Wautoma, WI
Current Conditions
0:56 AM CDT
Clear
Temperature
65°F
Dew Point
54°F
Humidity
68%
Wind
S at 9 mph
Barometer
29.78 in. F
Visibility
10.00 mi.
Sunrise
06:40 a.m.
Sunset
07:00 p.m.
Evening Forecast (7:00pm-Midnight)
Temperatures will range from 69 to 64 degrees with partly cloudy skies. Winds will range between 15 and 20 miles per hour from the south. No precipitation is expected.
7-Day Forecast
Friday
69°F / 64°F
Scattered Showers
Saturday
75°F / 50°F
Sunny
Sunday
67°F / 45°F
Partly Cloudy
Monday
67°F / 45°F
Sunny
Tuesday
69°F / 49°F
Partly Cloudy
Wednesday
67°F / 49°F
Light Rain
Thursday
68°F / 53°F
Mostly Cloudy
Detailed Short Term Forecast
Issued at 0:56 AM CDT
Friday...Temperatures will range from a high of 69 to a low of 64 degrees with partly cloudy skies. Winds will range between 15 and 20 miles per hour from the southsouthwest. No precipitation is expected.
Overnight ...Temperatures will range from 67 to 65 degrees with cloudy skies. Winds will remain steady around 16 miles per hour from the southwest.
Saturday...Temperatures will range from a high of 75 to a low of 50 degrees with mostly clear skies. Winds will range between 17 and 22 miles per hour from the westnorthwest. No precipitation is expected.

Cheddar cheese tops $2 per pound again in spot market

July 16, 2014 | 0 comments

CHICAGO, IL

After nearly a month of holding below that number, Cheddar cheese prices for both blocks and barrels moved above $2 per pound this week in spot market trading on the Chicago Mercantile Exchange (CME).

With a .75-cent gain on Wednesday of this week, Cheddar barrels led the way on CME cheese prices on the day's closing price of $2.04 per pound — up 9.25 cents from a week earlier. The sale of six carloads during the trading session brought the total for the first three days of this week to 11.

Three carload sales of Cheddar blocks on Wednesday put the week's total at 14. The price increased by .25-cent to $2.0025 per pound — up 5.5 cents from a week earlier.

Although the AA butter spot market was quiet on Wednesday, 19 carloads had been sold on Monday and Tuesday of this week. The price stood at $2.39 per pound.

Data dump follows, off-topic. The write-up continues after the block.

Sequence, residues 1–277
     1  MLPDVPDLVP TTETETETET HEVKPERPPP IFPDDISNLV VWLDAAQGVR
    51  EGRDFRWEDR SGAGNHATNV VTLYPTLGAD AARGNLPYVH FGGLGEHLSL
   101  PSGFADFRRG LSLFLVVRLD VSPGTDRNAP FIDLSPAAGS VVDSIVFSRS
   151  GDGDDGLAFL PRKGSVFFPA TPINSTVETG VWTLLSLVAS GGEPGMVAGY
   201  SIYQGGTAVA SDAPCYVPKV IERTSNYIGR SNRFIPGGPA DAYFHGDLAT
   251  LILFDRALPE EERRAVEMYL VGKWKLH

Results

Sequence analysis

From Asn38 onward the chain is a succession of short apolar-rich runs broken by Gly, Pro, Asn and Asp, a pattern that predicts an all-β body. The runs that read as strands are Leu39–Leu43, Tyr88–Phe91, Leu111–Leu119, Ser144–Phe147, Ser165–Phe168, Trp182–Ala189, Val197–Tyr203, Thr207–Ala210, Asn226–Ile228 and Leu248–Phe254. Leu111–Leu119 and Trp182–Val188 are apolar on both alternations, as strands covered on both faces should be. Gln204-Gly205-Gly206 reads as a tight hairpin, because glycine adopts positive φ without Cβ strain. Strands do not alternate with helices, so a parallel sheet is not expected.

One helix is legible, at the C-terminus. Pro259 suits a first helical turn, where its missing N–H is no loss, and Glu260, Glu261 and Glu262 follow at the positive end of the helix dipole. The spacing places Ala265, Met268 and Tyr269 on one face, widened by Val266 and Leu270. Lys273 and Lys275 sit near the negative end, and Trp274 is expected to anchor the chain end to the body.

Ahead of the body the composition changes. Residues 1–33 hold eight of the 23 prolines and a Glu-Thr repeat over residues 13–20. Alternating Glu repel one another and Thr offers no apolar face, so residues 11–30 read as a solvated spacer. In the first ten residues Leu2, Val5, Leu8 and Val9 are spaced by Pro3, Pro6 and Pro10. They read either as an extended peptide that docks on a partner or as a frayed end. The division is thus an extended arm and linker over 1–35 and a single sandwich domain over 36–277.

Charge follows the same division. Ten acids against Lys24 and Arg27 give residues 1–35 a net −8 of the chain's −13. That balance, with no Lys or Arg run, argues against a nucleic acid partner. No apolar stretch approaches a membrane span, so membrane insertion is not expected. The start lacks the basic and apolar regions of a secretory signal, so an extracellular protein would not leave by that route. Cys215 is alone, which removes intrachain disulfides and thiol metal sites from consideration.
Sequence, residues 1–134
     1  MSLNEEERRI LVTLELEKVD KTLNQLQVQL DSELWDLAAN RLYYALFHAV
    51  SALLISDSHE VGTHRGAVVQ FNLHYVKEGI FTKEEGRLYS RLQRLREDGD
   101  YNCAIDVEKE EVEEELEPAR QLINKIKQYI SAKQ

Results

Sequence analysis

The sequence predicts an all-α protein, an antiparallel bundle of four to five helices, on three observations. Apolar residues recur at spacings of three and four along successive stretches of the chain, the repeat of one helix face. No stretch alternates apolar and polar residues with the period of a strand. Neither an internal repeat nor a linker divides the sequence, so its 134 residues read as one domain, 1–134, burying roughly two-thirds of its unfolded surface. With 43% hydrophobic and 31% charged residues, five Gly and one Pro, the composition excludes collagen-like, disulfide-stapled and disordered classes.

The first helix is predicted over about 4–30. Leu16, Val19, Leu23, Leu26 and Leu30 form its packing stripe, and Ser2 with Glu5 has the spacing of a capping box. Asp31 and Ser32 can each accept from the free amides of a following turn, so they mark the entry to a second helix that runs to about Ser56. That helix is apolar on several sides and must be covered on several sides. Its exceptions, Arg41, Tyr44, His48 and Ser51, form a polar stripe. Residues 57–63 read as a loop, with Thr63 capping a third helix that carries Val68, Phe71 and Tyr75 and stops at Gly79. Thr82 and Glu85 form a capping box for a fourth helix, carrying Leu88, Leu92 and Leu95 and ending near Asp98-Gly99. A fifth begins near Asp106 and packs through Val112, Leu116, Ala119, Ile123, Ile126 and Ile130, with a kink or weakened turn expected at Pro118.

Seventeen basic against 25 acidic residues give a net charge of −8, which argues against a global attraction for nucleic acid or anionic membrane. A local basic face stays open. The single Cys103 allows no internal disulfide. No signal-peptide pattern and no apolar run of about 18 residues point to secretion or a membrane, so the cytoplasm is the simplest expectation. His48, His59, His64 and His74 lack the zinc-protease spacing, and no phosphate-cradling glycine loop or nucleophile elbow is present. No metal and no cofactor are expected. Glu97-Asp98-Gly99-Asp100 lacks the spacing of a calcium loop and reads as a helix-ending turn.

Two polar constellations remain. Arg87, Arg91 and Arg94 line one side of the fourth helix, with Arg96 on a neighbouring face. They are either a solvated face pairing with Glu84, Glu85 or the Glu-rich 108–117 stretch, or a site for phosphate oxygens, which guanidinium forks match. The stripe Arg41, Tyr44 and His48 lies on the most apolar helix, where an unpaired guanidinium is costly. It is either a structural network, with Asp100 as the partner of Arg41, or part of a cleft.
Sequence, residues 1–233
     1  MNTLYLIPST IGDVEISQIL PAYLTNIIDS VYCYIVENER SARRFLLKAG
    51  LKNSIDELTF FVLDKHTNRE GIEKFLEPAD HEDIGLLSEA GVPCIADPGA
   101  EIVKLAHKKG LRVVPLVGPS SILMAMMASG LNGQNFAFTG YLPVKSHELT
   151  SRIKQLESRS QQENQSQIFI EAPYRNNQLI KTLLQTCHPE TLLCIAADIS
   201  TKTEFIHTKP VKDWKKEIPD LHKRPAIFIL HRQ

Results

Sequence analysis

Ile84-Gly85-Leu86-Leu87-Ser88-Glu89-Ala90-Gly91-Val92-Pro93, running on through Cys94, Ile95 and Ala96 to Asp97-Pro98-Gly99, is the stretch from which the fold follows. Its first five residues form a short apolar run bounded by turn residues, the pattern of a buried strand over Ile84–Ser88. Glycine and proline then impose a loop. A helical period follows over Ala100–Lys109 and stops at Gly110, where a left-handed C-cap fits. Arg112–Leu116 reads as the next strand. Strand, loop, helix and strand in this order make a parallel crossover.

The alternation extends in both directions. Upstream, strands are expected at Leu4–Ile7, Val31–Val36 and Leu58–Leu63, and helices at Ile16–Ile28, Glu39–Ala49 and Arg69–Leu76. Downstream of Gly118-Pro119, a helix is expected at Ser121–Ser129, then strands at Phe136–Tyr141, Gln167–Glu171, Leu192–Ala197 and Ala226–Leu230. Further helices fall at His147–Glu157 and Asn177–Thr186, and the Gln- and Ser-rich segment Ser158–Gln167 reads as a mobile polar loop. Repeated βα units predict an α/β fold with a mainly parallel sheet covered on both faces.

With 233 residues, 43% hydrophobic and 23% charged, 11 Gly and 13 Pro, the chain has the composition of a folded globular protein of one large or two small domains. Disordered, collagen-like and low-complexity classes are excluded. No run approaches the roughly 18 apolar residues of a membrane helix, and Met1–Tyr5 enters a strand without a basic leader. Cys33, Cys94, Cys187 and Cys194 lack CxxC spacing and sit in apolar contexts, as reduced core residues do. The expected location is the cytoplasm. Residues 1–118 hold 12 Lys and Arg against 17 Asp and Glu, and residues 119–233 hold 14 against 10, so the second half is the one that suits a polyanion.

There was activity across the board for Grade A non-fat dry milk on Wednesday with two carload sales, a bid to buy one carload that was not filled, and an offer to sell one carload that was not covered. Despite that activity, the price remained at $1.7350 per pound.

Futures markets

In a very unusual development, there were virtually no changes in the futures market prices for both Class III milk and dry whey on Wednesday afternoon of this week. Only five of the months through 2015 had any per hundred price change (maximum of 3 cents per hundred) on Class III milk while the price chart was similar for dry whey.

Futures prices for Class III milk stood at a high of $21.46 per hundred for July and $21.30 for August (up by 91 cents from a week earlier) before sliding to $20.36 for September and $20 for October.

Class III futures then drop to the $18s per hundred for the first 10 months of 2015. One exception to the price stability on Wednesday of this week was the 29-cent per hundred jump — to $17.50 — for the Class III futures in January of 2016.

Dry whey futures prices also showed minimal movement on Wednesday. They were 67.5 cents per pound for July, 60.5 cents for October, and at 51 cents per pound or above for all subsequent months through September of 2015.

Milk pooling for June

Class I fluid milk continued to lag in the percentage of use for milk pooled in Federal Milk Marketing Order 30, according to the monthly report for June. Class I usage accounted for only 9.1 percent of the nearly 2.9 billion pounds of milk pooled in Order 30 for June.

Of the pooled milk, 88.5 percent went into Class III (cheese production). Usage in Classes II and IV covered the remaining 2.4 percent.

The pooled milk had averages of 3.67 percent butterfat, 3.02 percent protein, and 5.76 percent other solids. For June, the producer price differential was 43 cents per hundred in the Chicago base zone and 23 cents per hundred in the most distant milk receiving plants due to the location adjustment for transportation.

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